WEIRD NEWS
08/31/2015 11:12 am ET Updated Sep 02, 2015

Is There Anything Cuter Than A Seal Getting A Belly Rub?

Answer: No. (But don't try this at home.)
More, please.
YouTube/Gary Grayson
More, please.

Sometimes there's nothing like a gray seal to brighten a gray day.

A 2014 video of a diver giving a belly rub to an appreciative seal is seeing regained popularity thanks to a writeup this weekend in The Dodo. The underwater footage shows diver Gary Grayson encountering an Atlantic gray seal in Great Britain’s Scilly Isles, according the video’s description on YouTube.

The friendly pinniped swims right up to Grayson, stroking the man with its flippers before rolling over to expose his belly. The diver responds how just about any person would when presented with such an adorable scene -- he scratches the seal’s belly.

Though the video is adorable, scuba divers should not try this on their own. The video was shot in any area where seals have become very accustomed to human beings, which is not the case in most places.

"[The seal] is part of a colony where divers dive on a regular basis and so the seals have become, obviously, very used to people and allow them very close," Ally McMillan, director of Seal Rescue Ireland, located in County Wexford, Ireland, told The Huffington Post in an email. "Not all seals are like this, and if approached could well cause harm if they feel threatened due to their large size and very sharp teeth."

"Wildlife are better off being left wild," she added.

On top of that, it can be dangerous for seals to get too used to contact with humans, said Laura Sherr, public relations specialist for California-based Marine Mammal Center, a nonprofit veterinary research hospital focused on ocean mammals.
 
"About 15 percent of our patients come in because of the direct result of human interaction -- whether it's a gunshot wound, illegal pick-ups, entanglements, etc. -- and so here at The Marine Mammal Center we are very invested in ensuring that wild animals stay wild," Sherr said.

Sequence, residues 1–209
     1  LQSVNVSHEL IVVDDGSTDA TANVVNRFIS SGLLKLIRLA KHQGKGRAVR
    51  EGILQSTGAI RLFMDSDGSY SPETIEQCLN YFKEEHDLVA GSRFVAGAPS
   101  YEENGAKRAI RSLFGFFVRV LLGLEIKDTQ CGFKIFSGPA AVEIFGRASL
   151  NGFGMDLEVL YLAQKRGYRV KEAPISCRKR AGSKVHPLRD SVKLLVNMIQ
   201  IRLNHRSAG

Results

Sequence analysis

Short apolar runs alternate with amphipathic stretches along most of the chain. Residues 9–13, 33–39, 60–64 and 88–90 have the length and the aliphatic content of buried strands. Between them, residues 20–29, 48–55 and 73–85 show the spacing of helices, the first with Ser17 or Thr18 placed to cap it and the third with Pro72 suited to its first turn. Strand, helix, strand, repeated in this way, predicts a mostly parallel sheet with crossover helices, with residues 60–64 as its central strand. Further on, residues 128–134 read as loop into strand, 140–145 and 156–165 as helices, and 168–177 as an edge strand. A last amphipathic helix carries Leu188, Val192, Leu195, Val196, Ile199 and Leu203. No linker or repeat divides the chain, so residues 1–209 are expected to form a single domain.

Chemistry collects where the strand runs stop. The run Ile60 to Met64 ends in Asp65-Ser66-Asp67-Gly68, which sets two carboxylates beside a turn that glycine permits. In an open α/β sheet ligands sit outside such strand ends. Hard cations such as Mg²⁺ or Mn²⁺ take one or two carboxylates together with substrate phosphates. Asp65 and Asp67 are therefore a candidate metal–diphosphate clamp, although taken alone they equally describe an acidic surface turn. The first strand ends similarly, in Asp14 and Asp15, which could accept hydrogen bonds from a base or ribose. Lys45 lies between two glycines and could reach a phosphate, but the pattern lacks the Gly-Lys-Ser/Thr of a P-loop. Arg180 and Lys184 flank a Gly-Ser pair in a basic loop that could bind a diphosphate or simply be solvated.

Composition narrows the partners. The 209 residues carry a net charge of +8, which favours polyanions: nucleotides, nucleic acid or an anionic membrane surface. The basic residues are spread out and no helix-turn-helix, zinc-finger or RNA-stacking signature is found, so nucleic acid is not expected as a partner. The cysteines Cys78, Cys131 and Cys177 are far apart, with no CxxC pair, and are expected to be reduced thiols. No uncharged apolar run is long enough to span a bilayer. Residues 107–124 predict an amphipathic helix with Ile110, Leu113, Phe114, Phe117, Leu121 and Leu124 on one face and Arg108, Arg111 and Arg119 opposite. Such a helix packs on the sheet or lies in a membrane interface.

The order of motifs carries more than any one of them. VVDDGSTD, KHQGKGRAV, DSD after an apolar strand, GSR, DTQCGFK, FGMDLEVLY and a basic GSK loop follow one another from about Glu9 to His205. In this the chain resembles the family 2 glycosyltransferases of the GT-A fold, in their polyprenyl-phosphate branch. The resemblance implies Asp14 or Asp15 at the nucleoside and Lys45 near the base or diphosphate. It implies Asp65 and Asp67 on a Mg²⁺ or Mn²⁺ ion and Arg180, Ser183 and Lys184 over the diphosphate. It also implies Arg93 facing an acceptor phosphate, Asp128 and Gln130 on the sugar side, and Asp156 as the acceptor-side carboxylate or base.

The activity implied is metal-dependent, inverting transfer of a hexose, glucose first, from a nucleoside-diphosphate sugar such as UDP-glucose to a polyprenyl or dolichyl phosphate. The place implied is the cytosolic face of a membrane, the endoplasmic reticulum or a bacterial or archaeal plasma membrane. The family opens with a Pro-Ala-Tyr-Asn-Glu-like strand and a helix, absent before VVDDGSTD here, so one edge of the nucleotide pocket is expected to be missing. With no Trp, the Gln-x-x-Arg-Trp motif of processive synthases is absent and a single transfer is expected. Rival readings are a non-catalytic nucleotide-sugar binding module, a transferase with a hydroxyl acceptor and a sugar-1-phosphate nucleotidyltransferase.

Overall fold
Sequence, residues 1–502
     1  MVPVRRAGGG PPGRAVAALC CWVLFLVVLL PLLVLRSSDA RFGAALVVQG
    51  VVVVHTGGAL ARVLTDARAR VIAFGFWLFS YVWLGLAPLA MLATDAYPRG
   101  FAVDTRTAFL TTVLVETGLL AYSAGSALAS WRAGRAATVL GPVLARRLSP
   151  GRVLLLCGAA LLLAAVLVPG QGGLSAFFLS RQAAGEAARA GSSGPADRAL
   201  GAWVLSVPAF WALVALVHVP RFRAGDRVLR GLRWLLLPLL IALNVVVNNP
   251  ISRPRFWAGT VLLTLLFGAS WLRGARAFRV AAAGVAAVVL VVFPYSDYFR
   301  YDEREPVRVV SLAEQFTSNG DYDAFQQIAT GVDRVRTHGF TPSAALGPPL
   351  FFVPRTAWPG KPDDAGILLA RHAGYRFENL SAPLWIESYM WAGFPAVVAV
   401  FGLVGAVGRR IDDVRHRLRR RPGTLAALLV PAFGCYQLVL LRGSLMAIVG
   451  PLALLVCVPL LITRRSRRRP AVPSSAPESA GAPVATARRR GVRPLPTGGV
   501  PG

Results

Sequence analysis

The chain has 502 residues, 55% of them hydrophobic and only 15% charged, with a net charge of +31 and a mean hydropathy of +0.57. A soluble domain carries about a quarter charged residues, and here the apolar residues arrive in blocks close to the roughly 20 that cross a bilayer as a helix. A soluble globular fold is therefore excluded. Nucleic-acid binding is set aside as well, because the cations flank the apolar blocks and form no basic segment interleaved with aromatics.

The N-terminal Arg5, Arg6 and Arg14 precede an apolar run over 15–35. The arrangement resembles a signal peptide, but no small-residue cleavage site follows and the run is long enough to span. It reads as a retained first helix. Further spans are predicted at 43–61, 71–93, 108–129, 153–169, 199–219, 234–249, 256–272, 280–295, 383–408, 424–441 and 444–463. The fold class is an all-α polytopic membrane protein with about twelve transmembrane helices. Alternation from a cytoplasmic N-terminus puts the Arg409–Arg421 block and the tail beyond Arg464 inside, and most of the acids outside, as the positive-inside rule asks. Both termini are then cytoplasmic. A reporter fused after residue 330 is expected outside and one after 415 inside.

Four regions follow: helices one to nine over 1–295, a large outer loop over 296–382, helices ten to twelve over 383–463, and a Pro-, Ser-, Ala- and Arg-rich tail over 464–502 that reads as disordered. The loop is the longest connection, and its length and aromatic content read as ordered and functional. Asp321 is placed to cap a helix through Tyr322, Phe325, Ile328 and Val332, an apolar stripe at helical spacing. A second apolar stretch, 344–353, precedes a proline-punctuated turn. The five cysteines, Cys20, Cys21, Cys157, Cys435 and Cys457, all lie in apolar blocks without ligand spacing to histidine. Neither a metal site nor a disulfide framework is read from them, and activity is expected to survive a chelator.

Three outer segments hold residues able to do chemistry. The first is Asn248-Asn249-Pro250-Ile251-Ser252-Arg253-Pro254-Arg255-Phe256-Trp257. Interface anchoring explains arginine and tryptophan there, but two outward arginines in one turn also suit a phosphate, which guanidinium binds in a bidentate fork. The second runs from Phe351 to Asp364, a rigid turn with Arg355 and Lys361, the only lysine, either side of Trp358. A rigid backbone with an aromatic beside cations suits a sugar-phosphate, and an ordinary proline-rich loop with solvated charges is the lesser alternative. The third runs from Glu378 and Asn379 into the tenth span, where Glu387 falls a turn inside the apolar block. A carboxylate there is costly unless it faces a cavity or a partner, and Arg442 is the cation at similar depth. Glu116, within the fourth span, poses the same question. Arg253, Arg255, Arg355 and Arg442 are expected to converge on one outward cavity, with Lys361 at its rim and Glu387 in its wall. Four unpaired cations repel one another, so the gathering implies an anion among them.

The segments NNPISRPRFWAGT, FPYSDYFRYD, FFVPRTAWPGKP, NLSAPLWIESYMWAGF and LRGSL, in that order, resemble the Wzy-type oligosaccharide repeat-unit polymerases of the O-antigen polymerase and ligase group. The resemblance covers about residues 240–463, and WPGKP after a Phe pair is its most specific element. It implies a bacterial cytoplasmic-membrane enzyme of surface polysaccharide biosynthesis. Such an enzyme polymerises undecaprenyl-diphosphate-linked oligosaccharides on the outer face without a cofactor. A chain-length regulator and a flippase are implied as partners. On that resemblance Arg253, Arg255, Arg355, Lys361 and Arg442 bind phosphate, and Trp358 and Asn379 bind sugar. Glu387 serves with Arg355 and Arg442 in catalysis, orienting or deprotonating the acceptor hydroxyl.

Sherr also noted that bites aren’t the only danger of human-seal interactions -- both species can transmit diseases to one another.  
 
Interacting with a seal in this way would actually be illegal under the Marine Mammal Protection Act of 1972, Sherr said. However, the activity is not illegal in the Scilly Isles, according to John Gargett, communications manager for the UK's Marine Management Organisation.
 
Gargett said that while England and Wales have restrictions on harming or killing seals,  simply disturbing them is not a criminal offense. He added that there were also no particular measures in the Isles of Scilly that would forbid the interaction seen in the video. 
 

Still, McMillan acknowledged that the video is pretty cute.

"It really shows how sweet, curious and dog-like [seals] are," she said.

She noted that in some areas, the seal’s image desperately needs an overhaul.

"So many communities dislike seals and demonize them, calling them 'rats of the sea' or vermin, simply because they eat fish," she said. "Many fishing communities do not like them, and illegally kill them thinking them as competition for the fish."

McMillan also pointed out that it's been tough finding government support and adequate funding to keep Seal Rescue Ireland running, and she fears the nonprofit -- which has worked to rehabilitate seal pups and other wildlife in need for around four years -- will likely be closing down at the end of the year.

"[We’re] praying for a miracle before the inevitable happens," she said.

Contact the author of this article at Hilary.Hanson@huffingtonpost.com

This article has been updated to include statements from Laura Sherr and John Gargett.

Correction: A previous version of this article stated that the Marine Mammal Center was based in New Jersey. It's located in California.

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